Survey: Czechs most likely to vote according to party program, leader’s personality

Most Czechs eligible to vote in the October parliamentary elections say that a party’s program will be the deciding factor in how they will cast their ballots, according to a Median survey for Czech Radio. The party leader’s personalities are also important, the survey finds – but none of the current contenders enjoy overwhelming popularity.

Photo: Michaela Danelová,  Czech Radio

One hundred days before the parliamentary elections, sociologists from the Median Agency put a range of questions on political preferences to more than a thousand eligible voters. The pollsters found that election campaigns play the smallest role in for whom most Czechs will likely vote.

“For me, perhaps the most important thing is the party’s past and its chairperson.”

Illustrative photo: Sergio Santos,  Flickr,  CC BY 2.0

“In the end, the most important thing will be the development of a possible coronavirus crisis in September or October, and what approach the parties will take.”

“I decide according to the orientation of the party, so whether it is right-wing or left-wing, and also according to the individual candidates.”

– a few likely voters there, responding to a Czech Radio vox pop on the question of what they will decide in the October elections.

Přemysl Čech | Photo: ČT24

In the Median survey, most respondents – 49 percent – said the political parties’ programs were the most important for them, while individual politicians’ character and charisma also play a major role, Median Agency head Přemysl Čech says.

“Thirty-eight percent of respondents said they will make decisions based on the quality of the leader, his credibility, expertise and ability to lead the company. In 30 percent of cases, people will make decisions based on the quality of the entire candidate. In 16 percent of cases, people decide according to the party’s history.”

Few parties’ recent history is as known as that of ANO, the centrist, technocratic party founded by Prime Minister Andrej Babiš in 2011. According to the Median Agency poll, for the largest share of respondents – 38 percent – he remains the most acceptable party leader to fill that role also after October. At the same time, 57 percent of those surveyed expressed the opposite view.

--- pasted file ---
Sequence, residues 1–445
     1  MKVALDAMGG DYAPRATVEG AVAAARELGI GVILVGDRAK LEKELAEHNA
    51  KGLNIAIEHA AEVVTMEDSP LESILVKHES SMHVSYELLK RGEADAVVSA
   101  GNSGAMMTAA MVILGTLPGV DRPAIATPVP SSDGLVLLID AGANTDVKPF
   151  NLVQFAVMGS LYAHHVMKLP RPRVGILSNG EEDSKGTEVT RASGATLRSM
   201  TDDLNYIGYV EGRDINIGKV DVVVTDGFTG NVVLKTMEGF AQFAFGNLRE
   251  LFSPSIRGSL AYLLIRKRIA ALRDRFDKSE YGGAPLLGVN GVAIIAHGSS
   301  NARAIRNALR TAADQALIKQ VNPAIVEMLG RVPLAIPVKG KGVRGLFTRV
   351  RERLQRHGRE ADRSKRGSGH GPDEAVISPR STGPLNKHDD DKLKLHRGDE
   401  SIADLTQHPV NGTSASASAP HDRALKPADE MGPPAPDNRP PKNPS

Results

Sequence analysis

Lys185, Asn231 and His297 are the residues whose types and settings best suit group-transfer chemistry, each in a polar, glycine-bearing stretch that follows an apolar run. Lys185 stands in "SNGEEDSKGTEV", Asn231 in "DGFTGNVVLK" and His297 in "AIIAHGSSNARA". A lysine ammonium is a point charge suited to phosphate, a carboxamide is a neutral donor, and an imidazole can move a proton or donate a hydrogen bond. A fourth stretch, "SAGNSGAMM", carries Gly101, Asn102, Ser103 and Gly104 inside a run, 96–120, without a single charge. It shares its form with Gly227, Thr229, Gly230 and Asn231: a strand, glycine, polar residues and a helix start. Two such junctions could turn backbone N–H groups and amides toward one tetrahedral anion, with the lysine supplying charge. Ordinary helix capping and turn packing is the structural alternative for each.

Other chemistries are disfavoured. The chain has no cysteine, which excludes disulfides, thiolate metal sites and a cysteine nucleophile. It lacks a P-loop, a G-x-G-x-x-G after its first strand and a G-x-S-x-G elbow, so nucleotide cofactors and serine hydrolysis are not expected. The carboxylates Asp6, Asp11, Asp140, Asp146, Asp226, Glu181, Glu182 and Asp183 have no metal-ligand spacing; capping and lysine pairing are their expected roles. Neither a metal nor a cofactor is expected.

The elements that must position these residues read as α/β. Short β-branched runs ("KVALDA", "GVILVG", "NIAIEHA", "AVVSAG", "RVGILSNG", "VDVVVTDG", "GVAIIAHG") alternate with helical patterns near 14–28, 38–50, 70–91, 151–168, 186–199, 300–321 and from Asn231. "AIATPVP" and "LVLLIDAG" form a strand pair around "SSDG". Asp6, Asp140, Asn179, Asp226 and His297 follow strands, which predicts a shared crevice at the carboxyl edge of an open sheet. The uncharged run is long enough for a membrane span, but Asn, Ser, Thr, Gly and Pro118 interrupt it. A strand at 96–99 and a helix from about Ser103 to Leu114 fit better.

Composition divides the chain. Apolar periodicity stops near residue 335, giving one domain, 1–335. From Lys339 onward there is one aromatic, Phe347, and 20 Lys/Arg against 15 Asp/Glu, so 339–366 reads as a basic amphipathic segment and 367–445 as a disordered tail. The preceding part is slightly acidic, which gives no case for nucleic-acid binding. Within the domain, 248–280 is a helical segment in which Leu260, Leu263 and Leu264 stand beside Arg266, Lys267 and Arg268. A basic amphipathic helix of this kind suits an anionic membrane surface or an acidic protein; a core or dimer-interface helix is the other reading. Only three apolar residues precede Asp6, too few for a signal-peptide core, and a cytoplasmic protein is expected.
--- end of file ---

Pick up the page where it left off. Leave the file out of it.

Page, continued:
Illustrative photo: Petr Dušek,  Czech Radio

But then no party leader enjoys majority support, Přemysl Čech says.

“The main conclusion is that no politician is very acceptable overall. As society is differentiated in terms of attitudes, as well as in terms of electoral preferences, at the moment there is not a leader here who would be an acceptable choice for the whole nation.”

This could well mean that Andrej Babiš will again head a minority coalition government – as he now does with the left-leaning Social Democrats, while relying on tolerance from the largely unreformed Communist Party.

Miloš Zeman | Photo: CNN Prima News

In fact, last Sunday, President Miloš Zeman reiterated for CNN Prima News that he would appoint as prime minister the head of the most successful party – and not the leader of a possible winning election coalition.

“In the first phase, I’ll invite the heads of all parliamentary parties here to Lány; in the second phase, I’ll appoint a prime minister; and in the third phase, I’ll give this prime minister enough time to lead demanding coalition negotiations.”

Andrej Babiš | Photo:  Office of Czech Government

Such negotiations could well prove contentious – none of the opposition parties and coalitions doing best in the polls want to be in government with Andrej Babiš. And the Social Democrats and Communists would likely place greater demands upon their continued support.